• a written notice advising applicants and
employees that they will be subject to
testing;
• a written policy statement disseminated
to employees explaining the types of
testing that will be conducted, how
results will be kept confidential, disciplinary action that will be taken for confirmed test results or for refusing to take
a test, the employee assistance program,
and how to contest the results;
• testing of all applicants;
• testing of any employee who is reasonably believed to be using drugs or alcohol
based on observable facts;
• testing of any employee who causes a
workplace injury resulting in loss of work
time;
• testing of any employee after he or she
completes a rehabilitation program;
• proper collection and testing procedures;
• maintenance of an employee assistance
program or a resource file of independent assistance providers;
• semi-annual drug/alcohol abuse education programs for employees; and
• training of supervisors concerning how
to handle drug/alcohol abuse.
5
2. Aids Testing, O.C.G.A. § 31-22-9.2 And
§ 24-9-47
Georgia’s AIDS Confidential Information law
permits you to require applicants and employees to submit to an HIV test by an approved clinical laboratory. You must report each confirmed
positive HIV test to the Georgia Department of
Human Resources. This report must include
the age, race, sex, and county of residence but
cannot include any other identifying characteristics of the infected person.
Under a separate law, it is a misdemeanor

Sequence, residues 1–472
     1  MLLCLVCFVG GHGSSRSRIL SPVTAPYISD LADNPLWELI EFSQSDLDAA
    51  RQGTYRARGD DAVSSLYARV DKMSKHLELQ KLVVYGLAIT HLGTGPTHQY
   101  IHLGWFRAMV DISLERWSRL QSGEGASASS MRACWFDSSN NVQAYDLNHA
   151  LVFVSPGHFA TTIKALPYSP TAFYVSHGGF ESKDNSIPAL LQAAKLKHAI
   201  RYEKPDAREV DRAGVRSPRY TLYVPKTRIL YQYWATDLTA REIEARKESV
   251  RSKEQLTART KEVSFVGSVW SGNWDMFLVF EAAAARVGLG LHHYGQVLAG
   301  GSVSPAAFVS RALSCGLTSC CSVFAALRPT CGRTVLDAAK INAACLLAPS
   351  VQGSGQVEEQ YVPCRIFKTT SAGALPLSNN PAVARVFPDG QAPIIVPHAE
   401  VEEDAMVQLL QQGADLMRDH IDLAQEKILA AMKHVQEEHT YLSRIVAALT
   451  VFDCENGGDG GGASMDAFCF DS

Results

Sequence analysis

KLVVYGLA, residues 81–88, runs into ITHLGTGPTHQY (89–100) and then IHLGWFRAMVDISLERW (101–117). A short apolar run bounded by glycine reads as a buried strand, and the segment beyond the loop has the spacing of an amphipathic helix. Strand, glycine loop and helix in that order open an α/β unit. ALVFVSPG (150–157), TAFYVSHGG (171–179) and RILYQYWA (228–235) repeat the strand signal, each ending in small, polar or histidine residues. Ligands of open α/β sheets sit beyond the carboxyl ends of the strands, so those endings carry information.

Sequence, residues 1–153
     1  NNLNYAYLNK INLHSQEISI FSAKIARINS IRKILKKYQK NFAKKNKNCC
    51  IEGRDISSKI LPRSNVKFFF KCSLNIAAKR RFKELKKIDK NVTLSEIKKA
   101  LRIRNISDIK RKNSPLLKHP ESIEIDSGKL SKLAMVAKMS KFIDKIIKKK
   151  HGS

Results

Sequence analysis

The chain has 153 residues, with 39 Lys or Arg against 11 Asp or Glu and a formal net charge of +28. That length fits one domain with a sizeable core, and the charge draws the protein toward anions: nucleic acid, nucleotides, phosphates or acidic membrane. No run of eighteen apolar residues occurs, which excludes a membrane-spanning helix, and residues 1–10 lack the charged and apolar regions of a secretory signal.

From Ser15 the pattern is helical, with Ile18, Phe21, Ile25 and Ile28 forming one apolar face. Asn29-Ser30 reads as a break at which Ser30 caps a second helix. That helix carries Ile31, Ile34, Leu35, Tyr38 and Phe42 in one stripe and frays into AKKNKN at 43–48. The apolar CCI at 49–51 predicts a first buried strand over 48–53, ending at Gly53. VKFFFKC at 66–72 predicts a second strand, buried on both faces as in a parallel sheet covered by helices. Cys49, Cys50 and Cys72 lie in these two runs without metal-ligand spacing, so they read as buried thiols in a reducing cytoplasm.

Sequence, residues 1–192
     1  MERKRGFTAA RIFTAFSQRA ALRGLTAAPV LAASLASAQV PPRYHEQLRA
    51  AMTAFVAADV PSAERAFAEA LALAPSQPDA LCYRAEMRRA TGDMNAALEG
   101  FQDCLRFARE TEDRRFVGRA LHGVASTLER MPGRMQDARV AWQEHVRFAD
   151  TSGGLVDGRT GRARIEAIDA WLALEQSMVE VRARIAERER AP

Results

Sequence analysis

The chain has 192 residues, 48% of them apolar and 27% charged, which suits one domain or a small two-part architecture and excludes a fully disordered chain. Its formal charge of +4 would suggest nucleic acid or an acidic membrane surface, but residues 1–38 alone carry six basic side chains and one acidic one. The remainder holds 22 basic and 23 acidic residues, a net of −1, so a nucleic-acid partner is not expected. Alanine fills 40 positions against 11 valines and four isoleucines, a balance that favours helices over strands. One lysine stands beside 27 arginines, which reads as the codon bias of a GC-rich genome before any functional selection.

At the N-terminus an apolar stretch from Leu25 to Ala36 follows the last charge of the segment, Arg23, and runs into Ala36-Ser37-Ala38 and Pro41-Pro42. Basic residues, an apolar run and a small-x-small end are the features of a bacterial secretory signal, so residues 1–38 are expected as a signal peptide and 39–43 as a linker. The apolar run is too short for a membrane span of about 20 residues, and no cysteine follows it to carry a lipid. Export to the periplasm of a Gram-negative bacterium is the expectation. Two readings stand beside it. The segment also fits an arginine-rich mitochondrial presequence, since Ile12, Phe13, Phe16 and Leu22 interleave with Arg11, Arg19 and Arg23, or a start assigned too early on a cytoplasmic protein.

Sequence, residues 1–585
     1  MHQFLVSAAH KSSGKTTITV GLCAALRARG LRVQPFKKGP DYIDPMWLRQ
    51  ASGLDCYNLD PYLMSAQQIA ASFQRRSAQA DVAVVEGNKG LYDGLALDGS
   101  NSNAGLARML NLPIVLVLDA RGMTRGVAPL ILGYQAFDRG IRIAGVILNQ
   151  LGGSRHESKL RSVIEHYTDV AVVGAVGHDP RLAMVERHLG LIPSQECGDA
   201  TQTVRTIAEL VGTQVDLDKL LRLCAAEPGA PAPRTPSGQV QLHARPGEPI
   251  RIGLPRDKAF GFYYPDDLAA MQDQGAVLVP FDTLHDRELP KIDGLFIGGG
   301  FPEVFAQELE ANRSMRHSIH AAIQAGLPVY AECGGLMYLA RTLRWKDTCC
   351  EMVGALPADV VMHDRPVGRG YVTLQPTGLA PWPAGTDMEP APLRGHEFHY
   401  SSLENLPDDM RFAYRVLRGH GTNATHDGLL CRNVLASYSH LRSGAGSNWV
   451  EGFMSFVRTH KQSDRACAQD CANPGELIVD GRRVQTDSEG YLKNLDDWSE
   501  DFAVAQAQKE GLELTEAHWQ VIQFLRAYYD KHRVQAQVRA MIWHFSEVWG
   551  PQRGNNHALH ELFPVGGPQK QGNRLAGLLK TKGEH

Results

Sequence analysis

for any person or entity (including employers)
to disclose AIDS test results or any other confidential information about AIDS.
3. Polygraph Testing
You may use polygraph tests only in very limited
circumstances. While Georgia law no longer
restricts employers’ use of polygraph testing,
the federal Employee Polygraph Protection Act
prohibits most employers from using such tests
in the employment context except in very limited situations, such as theft or espionage. For
more information on the federal law, see the
U.S. Department of Labor’s website at
www.dol.gov/dol/compliance/comp-eppa.htm.
C. Right To Restrict Post-Employment
Activities
To protect your business interests, you may
require applicants or current employees to
agree to restrain their activities after employment has terminated. Georgia law does not
favor post-employment restraints, however,
because the Georgia Constitution forbids “contracts in general restraint of trade.” Therefore,
Georgia courts will not enforce post-employment restraints if they are legally defective in